• 94. 94 Margin debt 274,600 $1,462,920 Available cash from previous operations 70,000 Available for reinvestment $1,532,920 Total reinvested (at 90% margin) $1,684,660 At that time I had six brokers. I closed my account with three of them. Then I sat back and watched the stocks I held. There was nothing else for me to do while TEXAS INSTRUMENTS, ZENITH RADIO and FAIRCHILD CAMERA went to work for me. During June the telegrams continued to flash between Wall Street and the Plaza Hotel. They were meaningless to the Western Union operators but they were full of meaning for me. For instance, on June 9th I received the following telegram: "Z 122½ (124-116¾) T 119¼ (121½-117¼) F 125 (126-121)" The following day's telegram read: "Z 132⅜ (132½-125) T 123¾ (123⅞-120⅜) F 130 (130-126½)" They were boring, meaningless hieroglyphics to the operator but they meant a lot to me. They told me that the value of my holdings had appreciated $100,000 in that one single day! It began to be a strange life. I sat in the Plaza every evening, reading my telegram and filing it. There was nothing further I could do. I felt elated and restless, but powerless. I was like a scientist who, after years of work and research, has successfully launched a rocket to the moon, and now as he tracks it climbing higher and higher he has a tremendous sense of achievement and also a strange letdown feeling of inactivity. Like him, I was now on the sidelines just keeping vigil while my stocks continued to climb steadily like well-made missiles. Then one day early in July I received an offer to appear in the "Sporting Club" in Monte Carlo. I accepted it gladly. Sitting still was beginning to hold a slight boredom after all my nerve-wracking problems and panics of the past. Before making arrangements to leave New York I asked my brokers to meet me. I went through my accounts with each of them. I found that if I were to sell out before flying to Europe I could realize my stocks for over $2,250,000. Two Million Dollars How I Made $ 2,000,000 In The Stock Market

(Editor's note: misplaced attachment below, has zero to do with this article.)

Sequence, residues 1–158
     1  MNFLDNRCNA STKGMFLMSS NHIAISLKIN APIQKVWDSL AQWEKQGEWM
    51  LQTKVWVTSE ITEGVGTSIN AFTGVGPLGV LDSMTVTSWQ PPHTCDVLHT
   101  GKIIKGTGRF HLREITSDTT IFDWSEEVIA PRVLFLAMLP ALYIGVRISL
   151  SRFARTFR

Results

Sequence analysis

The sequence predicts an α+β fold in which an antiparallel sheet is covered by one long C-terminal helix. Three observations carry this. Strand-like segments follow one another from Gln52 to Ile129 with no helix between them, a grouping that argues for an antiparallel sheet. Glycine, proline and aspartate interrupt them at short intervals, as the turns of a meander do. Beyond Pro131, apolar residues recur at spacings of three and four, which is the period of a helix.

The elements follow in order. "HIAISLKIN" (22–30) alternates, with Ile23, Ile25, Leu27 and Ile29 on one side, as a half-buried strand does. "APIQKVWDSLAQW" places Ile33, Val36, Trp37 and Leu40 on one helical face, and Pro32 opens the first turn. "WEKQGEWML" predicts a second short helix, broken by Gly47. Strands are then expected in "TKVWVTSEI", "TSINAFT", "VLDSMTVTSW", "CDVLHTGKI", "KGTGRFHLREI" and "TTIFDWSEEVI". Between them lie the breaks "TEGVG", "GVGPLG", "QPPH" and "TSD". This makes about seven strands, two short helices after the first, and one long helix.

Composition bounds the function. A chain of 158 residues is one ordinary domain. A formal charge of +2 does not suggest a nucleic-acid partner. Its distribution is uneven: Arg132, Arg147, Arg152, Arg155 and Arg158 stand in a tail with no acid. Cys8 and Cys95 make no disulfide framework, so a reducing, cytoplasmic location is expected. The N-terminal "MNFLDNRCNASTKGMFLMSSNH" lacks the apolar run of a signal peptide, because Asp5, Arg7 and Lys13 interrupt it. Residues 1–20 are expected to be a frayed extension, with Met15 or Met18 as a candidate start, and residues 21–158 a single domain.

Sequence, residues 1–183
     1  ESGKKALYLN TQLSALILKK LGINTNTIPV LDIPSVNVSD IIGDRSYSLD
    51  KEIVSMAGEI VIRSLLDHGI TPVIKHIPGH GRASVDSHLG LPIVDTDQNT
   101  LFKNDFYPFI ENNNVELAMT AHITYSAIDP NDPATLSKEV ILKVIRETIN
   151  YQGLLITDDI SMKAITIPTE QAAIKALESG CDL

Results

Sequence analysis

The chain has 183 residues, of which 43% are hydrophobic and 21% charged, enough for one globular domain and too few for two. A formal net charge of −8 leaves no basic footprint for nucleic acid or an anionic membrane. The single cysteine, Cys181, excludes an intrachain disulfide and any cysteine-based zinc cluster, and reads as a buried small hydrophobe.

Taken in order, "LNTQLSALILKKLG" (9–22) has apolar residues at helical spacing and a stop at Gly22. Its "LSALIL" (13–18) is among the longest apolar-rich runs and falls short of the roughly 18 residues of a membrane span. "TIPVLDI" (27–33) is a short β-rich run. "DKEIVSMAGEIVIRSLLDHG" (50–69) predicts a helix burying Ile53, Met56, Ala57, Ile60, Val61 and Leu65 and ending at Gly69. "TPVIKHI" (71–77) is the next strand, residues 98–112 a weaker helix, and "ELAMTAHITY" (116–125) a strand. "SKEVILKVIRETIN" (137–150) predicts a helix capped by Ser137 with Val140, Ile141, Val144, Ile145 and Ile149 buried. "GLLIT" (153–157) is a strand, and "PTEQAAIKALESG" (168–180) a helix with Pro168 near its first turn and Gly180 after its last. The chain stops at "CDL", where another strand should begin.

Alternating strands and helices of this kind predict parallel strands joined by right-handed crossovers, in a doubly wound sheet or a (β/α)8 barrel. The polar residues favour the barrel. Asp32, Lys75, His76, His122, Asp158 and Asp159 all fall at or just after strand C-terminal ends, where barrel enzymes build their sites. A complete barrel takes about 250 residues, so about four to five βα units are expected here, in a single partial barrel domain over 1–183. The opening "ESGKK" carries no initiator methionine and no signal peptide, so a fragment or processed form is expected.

• 95. 95 What was my feeling at this news? Elation? Excitement that I was now more than twice a millionaire? Not exactly. I was happy, but not excited. I had been much more excited when I made my first $10,000 out of DINERS' CLUB. This time I felt rather like a runner who has trained strenuously and has suffered many defeats, and now trots to victory. I was also faced with the same dilemma I had known before: Should I sell? Should I get out altogether? The answer this time was easy. It was the old tried and trusted answer: I did not have any reason to sell a rising stock. I would just continue to jog along with the trend, trailing my stop-loss behind me. As the trend increased, I would buy more. If the trend reversed? I would, as ever, flee like a disturbed burglar. I put new stop-losses on all my stocks so that if they dropped while I was on my way to Europe I would be sold out and my two million would remain intact. I felt content and assured as I rode up Fifth Avenue in a taxi after leaving my brokers. I walked into the lobby of the Plaza Hotel, automatically bought an evening paper, tore out the Wall Street closing prices, threw the rest of the newspaper away, picked up my 6 P.M. telegram and went up in the elevator. In my room I opened the telegram, spread out the sheet of newspaper, and sat back with a happy sigh. Not only because I had made two million dollars but because I was doing what I liked best. I was working while Wall Street slept. Two Million Dollars How I Made $ 2,000,000 In The Stock Market